Babies were crying. Mothers were patting them on the back. Names were being called for appointments. “With all this information, what will you do about it?” Florence Mawere, a research technician with the Center for Global Reproductive Health, was taking us on a tour of the Lumumba Sub-County hospital in Kisumu, Kenya and specifically demonstrating her work testing samples for HPV in the lab. She asked us that question at the end of the day, referring to a different project we were working on. At that moment, though, we had a different idea.


Isabel, Melat, and I (Sydney) spent two months in Kisumu working on launching the pilot study of a mobile health app that facilitates HPV screening for cervical cancer prevention. Part of our work was to understand how Florence processes samples at her lab, hence our presence at Lumumba. In our conversations with her, she explained the barriers to reproductive health and mentioned how the lack of childcare sometimes affected mothers’ ability to attend appointments. In Kenya, Florence explained, childcare is a job strictly for women in the village. If a mother needs to leave her child for a moment, she must find another woman to help. When a mother has a health appointment and can’t find someone else, she sometimes comes late, leaves early, misses the appointment, or brings the child to the appointment. This is especially the case when Lumumba is a considerable distance from the mother’s home.



“With all this information, what will you do about it?” Sitting on a bench near the waiting room, we thought about what it would take to provide childcare so women could more easily attend their visits. From one question came more. Where would the childcare be? How much would it cost? When would we set it up? But most imminently, was a childcare program even needed? All of us had studied global health enough to know that the consideration should always be for the community’s needs, and solutions should be driven by members of that community.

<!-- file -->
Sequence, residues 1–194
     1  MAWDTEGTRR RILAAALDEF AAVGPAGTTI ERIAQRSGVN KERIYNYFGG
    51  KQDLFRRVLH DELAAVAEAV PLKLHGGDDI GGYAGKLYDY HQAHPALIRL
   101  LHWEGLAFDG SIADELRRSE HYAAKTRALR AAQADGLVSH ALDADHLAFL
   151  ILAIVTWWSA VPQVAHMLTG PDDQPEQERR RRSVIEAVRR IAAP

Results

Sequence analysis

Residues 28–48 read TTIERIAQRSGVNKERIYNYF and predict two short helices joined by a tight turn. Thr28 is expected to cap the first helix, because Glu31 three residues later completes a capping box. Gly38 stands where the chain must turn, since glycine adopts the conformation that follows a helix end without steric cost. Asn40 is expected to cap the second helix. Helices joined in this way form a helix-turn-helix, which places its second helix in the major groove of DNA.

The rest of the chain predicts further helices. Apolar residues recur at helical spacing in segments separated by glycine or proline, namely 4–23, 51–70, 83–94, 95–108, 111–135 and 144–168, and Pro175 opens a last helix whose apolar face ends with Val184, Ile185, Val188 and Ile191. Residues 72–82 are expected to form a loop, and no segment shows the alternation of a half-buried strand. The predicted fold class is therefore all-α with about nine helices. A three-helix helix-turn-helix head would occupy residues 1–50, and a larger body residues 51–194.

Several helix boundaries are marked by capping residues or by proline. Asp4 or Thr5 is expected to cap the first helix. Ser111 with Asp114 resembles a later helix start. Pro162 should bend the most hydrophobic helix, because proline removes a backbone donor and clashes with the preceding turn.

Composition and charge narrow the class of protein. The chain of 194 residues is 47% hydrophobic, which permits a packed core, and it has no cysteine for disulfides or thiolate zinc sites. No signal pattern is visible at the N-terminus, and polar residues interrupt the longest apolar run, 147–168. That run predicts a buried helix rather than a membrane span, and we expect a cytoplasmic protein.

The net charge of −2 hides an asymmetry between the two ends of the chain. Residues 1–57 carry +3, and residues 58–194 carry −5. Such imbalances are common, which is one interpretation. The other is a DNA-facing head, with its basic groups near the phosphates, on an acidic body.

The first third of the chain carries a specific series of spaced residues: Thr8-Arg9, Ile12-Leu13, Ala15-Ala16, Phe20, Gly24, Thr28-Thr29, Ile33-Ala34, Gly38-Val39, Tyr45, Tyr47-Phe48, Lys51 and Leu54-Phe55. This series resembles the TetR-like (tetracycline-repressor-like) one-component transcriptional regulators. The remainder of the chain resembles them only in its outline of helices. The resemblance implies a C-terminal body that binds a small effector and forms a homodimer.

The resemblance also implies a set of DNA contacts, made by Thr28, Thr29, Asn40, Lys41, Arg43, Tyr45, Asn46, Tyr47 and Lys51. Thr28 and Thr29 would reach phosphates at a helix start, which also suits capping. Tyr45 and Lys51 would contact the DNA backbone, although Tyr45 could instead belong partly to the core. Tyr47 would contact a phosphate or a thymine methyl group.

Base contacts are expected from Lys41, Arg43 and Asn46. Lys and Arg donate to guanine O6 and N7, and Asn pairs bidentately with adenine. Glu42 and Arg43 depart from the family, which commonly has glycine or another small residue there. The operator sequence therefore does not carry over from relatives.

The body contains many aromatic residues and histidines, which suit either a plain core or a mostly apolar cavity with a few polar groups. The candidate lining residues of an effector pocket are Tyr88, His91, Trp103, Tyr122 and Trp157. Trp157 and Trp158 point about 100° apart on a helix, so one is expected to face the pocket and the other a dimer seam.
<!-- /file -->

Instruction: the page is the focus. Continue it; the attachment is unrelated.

We started by seeking ideas from  staff at the Duke Center for Global Reproductive Health in Kisumu. Each staff member we talked to, Breandan, Mercy, Belinda, and Florence, was intrigued by the idea and encouraged us to ask some of the hospital workers for their thoughts. Florence made the initial introduction to Dr. Wicklife Abwao, the Comprehensive Care Coordinator whose unit we would start the daycare at first. He was equally enthused about the project and initiated the subsequent chain of introductions with HPV specialists, nurses in the pediatric center, the medical superintendent and other healthcare workers with valuable insights. The feedback was all positive.

We went home that day brimming with excitement and plans. First on our task list was to understand child care in a Kisumu-specific context. After doing our own research, we also serendipitously stumbled upon the opportunity to visit the Garden of Hope kindergarten after befriending Rosemary, the founder, at a restaurant. The day we spent at the kindergarten was invaluable for the kindergarten staff’s insights about how the program was run and the impact it had on the children and their families. Our next visit to Lumumba we scouted the hospital for available space and found a few feasible locations. We began talking to our project advisor, brainstorming a list of fundraising ideas, and reaching out to other Duke faculty that could help. 


Since then, we’ve stayed in close contact with Wicklife and Florence by providing updates on our progress and checking in with any major changes on site. We also occasionally chat with Rosemary, who sends us pictures of the children we met. At Duke, we’re focused entirely on logistics in preparation for returning in the summer of 2024. When we return, we hope to talk to the volunteers who would help us run the program, set up the toys and cots, and collaborate with local partners like Rosemary who can help us understand how to run a childcare program in Kisumu. This project is unlike anything any of us have undertaken before, but we will post updates to the website and social media as they come in! We have high hopes that we can implement real change at Lumumba Hospital for all mothers seeking healthcare.

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